Local MP helps pass Autism Bill

February 27, 2009 6:19 PM
mark

Mark spoke out in support of the Bill in the House of Commons

This morning in the House of Commons, Mark Hunter MP for the Cheadle Constituency spoke out and voted in support of the new Private Members Bill on Autism.

The Bill would improve services for people with Autism and their carers. It includes measures to make councils gather data on the number of people with autism to better plan and co-ordinate services and help ensure consistency of approach for children and adults. It also places a duty on local authorities and NHS bodies to fulfil their responsibilities towards people with autism.

The Autism Bill, which has attracted cross party support, was introduced in Parliament as a Private Member's Bill by Conservative MP Cheryl Gillan after she came top of the ballot of MPs hoping to introduce bills into Parliament this year. Mr Hunter pledged last October that if he had won the ballot he would sponsor the Bill, after being contacted by constituents with autistic children who were concerned about a lack of adequate services. Mr Hunter also visited Aspirations a local centre (based in Stretford) for young people with autism spectrum disorder to see how local services can help to support them and their families.

Today saw the Bill's second reading debate in Parliament - it has three more stages to pass before it becomes law. During the debate the Government pledged to introduce similar measures to improve autism services though they decided they would not support the Bill being passed in its current form. Despite Government opposition the Bill was passed by a significant majority.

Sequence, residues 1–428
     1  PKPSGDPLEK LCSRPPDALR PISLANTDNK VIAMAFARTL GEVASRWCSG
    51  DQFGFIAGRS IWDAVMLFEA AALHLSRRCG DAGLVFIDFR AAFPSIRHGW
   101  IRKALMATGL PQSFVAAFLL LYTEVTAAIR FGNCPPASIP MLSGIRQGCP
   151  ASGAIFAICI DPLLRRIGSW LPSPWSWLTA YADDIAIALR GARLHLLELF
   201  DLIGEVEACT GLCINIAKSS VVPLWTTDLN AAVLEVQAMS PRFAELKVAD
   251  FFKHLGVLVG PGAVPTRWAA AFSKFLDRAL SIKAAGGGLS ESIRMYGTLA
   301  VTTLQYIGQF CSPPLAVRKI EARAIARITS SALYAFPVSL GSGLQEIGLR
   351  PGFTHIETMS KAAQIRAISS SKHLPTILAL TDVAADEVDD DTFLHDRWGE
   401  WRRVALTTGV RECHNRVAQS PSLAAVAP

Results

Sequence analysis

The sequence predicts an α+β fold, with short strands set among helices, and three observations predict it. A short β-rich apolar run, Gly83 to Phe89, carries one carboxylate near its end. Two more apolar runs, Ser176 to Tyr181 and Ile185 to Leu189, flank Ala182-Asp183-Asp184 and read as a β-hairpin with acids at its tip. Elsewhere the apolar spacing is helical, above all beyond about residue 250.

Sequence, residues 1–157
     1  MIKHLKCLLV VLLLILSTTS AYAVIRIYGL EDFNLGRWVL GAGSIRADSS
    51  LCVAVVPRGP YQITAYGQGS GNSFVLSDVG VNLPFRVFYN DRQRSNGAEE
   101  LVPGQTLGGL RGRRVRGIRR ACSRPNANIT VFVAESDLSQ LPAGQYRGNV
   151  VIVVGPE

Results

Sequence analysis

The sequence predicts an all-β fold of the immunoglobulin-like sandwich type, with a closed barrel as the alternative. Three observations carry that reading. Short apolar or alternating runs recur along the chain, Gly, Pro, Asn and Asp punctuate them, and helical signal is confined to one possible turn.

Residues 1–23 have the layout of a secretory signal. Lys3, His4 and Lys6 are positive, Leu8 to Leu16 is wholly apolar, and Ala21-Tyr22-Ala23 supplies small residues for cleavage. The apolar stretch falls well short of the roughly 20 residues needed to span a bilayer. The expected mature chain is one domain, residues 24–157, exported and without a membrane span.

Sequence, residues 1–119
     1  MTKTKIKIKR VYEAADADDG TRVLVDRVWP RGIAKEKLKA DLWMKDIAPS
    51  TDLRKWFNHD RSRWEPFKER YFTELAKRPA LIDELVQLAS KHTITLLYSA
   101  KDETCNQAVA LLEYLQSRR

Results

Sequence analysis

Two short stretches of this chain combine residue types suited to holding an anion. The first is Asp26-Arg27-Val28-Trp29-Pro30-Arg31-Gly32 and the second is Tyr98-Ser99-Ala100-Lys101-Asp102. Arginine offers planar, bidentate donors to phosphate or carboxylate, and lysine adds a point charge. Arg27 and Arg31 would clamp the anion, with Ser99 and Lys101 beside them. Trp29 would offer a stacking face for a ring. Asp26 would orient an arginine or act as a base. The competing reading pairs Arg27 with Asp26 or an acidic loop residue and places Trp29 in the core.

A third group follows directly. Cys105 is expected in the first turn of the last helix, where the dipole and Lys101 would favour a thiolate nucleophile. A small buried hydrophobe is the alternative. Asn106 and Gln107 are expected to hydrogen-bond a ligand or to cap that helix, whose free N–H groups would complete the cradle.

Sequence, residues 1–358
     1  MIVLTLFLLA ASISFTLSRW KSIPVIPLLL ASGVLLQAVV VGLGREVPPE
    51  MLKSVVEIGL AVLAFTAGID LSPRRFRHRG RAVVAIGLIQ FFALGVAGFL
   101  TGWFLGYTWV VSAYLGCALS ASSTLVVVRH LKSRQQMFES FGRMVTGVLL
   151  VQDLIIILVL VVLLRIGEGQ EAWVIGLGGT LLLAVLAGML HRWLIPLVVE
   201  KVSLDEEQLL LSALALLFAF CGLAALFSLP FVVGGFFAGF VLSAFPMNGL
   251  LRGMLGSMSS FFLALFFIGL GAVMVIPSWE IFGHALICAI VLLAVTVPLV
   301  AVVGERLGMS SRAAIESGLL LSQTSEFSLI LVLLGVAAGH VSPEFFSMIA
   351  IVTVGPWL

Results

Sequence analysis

Speaking after the vote Mark Hunter MP said; "This vote was a landmark victory for all those who have long campaigned for autism services to be improved.

"At the moment Autism services are a postcode lottery leaving some people with autism isolated and neglected. This is not a political issue but one that affects people from across every constituency. Too often people with autism are overlooked and adequate services not provided because data on the number of people is not clear or services between councils and PCTs aren't co-ordinated. This Bill is a real chance to make sure that the lives of people with autism and their families are transformed.

"I'm very glad that the Government is putting forward proposals to improve autism services and I welcome the commitment they have made to take forward the provisions in this bill. As the Minister made clear during the debate that he agreed with the major objectives of the Bill, it's a mystery as to why the Government themselves were not prepared from the outset to support it."

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